Debris clean up is going smoothly in McComb, with the city board getting an update from the city’s Public Works head and an engineering firm on Tuesday.
Public Works Director Alice Barnes and Neel-Schaffer client manager Keith Lott detailed the progress and the first payment to the debris cleaners to selectmen.
“I’ve ridden the area. I’ve seen the northeast part of town and some of the northwest parts of town,” Barnes said. “I haven’t ridden everywhere. I don’t know all of the locations, but I see progress. I know Veterans looks good.”
The storm, which hit on April 23, damaged homes and felled trees across the city, with neighborhoods including the Reservation and Edgewood taking the brunt of the damage.
The storm left much of the city without power for almost two days. Prominent roads like Veterans Boulevard and Delaware Avenue Extension were covered in debris and unpassable.
Mayor Quordiniah Lockley said he is happy to hear the work is progressing smoothly, adding that he has gotten nothing but positive feedback on the cleanup process.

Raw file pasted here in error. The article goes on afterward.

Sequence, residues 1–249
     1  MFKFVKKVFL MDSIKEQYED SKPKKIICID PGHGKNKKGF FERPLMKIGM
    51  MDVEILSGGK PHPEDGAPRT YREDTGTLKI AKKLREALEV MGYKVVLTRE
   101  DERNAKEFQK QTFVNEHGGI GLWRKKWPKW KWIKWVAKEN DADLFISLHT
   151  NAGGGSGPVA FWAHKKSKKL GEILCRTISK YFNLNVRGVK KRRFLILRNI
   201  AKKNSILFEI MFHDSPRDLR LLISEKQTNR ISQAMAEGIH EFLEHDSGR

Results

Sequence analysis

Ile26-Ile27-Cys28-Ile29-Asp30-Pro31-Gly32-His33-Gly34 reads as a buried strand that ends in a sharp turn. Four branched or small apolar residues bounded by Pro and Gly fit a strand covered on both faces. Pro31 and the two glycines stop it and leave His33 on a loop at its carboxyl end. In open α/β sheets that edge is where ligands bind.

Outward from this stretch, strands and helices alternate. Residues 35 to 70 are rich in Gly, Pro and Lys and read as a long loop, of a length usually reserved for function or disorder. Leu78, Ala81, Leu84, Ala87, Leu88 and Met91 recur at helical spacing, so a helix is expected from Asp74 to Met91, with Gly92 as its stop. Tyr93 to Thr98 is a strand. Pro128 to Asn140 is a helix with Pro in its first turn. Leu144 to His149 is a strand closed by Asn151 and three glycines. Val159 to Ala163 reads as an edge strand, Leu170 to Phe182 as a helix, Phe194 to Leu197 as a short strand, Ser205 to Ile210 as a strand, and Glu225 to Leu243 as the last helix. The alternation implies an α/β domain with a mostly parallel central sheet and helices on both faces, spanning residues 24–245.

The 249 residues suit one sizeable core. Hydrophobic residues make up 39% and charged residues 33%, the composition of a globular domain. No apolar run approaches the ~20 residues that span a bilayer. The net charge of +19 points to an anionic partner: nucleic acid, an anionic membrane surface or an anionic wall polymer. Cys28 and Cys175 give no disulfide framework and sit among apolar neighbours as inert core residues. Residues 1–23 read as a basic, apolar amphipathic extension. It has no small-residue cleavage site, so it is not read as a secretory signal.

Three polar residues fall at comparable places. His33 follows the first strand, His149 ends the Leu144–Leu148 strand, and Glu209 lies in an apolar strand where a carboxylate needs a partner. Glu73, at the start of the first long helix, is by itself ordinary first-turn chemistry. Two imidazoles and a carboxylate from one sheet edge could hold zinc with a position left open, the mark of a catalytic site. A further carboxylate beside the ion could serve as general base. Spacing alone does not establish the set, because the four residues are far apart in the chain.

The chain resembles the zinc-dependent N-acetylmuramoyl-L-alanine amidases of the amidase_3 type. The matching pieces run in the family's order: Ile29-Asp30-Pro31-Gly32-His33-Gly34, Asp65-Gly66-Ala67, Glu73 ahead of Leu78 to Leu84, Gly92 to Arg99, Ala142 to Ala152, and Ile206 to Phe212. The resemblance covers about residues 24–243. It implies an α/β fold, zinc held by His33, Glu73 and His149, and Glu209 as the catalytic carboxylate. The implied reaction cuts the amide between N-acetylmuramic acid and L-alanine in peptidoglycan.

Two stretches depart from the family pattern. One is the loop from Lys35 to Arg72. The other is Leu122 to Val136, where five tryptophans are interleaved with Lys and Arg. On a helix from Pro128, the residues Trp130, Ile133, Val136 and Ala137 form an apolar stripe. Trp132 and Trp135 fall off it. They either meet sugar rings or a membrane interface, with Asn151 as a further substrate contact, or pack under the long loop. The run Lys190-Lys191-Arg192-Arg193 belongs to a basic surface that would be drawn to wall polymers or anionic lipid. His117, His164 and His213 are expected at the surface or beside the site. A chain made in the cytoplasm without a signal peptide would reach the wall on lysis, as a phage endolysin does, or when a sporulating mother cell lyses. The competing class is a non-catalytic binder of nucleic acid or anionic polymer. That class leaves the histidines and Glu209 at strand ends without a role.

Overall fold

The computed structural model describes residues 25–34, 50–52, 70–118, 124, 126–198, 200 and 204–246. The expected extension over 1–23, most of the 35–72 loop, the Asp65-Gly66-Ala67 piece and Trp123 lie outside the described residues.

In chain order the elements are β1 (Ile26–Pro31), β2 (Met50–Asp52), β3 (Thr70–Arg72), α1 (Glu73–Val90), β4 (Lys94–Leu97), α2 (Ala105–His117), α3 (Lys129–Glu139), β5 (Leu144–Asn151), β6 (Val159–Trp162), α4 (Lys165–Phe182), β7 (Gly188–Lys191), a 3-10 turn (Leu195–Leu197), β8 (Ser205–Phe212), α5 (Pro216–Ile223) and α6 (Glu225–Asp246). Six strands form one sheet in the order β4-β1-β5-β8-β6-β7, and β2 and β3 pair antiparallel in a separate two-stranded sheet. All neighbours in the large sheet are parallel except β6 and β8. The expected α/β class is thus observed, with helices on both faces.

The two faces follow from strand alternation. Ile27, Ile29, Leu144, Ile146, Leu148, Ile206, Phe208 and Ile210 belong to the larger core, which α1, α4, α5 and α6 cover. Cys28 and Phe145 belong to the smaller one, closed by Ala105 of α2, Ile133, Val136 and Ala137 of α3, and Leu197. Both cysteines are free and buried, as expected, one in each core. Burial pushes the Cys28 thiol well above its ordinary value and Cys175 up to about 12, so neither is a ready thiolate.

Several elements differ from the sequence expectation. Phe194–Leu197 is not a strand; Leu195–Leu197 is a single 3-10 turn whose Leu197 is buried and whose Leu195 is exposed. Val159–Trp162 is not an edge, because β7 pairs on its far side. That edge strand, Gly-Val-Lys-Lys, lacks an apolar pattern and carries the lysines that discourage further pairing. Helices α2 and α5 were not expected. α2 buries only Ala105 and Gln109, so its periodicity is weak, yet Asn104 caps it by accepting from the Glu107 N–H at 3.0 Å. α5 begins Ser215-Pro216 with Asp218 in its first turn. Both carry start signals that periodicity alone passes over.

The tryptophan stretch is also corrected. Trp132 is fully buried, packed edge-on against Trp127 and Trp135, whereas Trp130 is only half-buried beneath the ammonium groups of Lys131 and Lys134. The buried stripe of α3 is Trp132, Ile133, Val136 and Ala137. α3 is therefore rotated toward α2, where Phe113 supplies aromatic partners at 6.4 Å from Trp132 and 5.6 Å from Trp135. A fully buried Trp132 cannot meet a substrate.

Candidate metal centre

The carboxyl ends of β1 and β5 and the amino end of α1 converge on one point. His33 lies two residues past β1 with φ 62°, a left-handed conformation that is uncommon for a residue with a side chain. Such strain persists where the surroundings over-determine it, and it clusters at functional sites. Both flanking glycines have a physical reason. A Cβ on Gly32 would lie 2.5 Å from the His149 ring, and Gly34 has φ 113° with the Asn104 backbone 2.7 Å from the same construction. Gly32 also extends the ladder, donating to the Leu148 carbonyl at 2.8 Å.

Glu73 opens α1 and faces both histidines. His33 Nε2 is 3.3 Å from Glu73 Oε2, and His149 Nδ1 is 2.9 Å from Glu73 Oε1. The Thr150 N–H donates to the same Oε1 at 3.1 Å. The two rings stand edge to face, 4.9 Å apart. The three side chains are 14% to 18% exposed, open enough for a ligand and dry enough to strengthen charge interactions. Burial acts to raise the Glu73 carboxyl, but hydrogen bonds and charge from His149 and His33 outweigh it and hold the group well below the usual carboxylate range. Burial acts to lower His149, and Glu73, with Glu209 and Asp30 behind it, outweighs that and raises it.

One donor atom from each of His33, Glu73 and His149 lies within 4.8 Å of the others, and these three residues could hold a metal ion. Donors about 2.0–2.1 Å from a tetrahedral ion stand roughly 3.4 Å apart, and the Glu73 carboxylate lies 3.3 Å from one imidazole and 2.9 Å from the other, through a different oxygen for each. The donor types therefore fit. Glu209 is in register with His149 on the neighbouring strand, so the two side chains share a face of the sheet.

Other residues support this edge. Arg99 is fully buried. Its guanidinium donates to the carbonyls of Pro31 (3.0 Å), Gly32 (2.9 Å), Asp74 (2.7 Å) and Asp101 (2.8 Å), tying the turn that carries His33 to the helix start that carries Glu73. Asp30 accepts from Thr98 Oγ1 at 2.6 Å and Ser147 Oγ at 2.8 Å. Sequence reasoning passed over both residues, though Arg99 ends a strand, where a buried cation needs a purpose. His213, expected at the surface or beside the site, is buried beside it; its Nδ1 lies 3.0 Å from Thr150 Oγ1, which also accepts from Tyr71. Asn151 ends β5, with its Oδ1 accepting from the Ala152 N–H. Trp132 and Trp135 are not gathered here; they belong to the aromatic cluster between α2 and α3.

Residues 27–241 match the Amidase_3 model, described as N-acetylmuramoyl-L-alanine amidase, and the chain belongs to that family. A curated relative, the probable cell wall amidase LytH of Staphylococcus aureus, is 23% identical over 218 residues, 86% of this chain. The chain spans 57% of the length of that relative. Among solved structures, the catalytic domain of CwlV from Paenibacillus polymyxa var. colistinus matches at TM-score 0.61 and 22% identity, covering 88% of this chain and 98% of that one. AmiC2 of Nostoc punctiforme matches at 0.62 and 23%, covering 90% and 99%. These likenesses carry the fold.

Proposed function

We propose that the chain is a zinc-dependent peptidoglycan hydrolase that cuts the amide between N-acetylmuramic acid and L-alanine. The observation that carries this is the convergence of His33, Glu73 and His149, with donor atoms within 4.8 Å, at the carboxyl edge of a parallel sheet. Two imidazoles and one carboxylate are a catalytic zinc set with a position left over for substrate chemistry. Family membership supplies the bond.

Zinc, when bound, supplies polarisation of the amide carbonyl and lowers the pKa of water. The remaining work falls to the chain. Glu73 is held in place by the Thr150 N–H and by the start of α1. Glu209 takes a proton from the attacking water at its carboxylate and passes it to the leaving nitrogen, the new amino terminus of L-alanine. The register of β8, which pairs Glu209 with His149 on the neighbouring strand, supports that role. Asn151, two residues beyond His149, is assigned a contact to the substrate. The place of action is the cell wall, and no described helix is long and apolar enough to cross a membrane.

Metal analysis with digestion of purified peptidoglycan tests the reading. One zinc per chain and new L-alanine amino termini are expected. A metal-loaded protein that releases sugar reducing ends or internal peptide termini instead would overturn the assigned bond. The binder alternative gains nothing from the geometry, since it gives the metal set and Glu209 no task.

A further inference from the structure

“I’ve received calls from citizens as it relates to the pickup,” Lockley said. “They are very glad to see them out there, and some even have made positive comments as it relates to the quality of work that they are doing.”
The city previously worried about not qualifying for federal assistance that would reimburse the city and Pike County 75% of all cleanup costs, but with the state reaching its $4.5 million damage threshold and the county meeting its $155,000 threshold, McComb is poised for the badly needed reimbursement.
“We didn’t have the equipment or the manpower to do it, but being able to contract it out and now know that we are going to be reimbursed 75% is a big plus,” Lockley said.
Lott said the cleanup crews have made great progress, but rain slowed them down the past few days. He said they could not dump debris at a disposal site in the county’s industrial park.
“Patience is the big word,” Lott said. “Be patient. The last three days we’ve not been able to get into the dumpsite because of all of the rain. They actually had to build a road to get in, so please tell them to please be patient. We are going to get there.”
Selectman Ronnie Brock asked Lott and Barnes if the Federal Emergency Management Agency is in the area helping residents. Lott said he does not believe so.
The city had to pay its first installment to Land Company Development Inc. for the debris removal for $123,941.
Barnes said Wednesday she does not know how many payments the city will have to make before the cleanup is completed, but noted that a May 2019 tornado that hit roughly the same areas required six payments.
“We will definitely have more than one (payment), but I don’t know how many yet,” she said.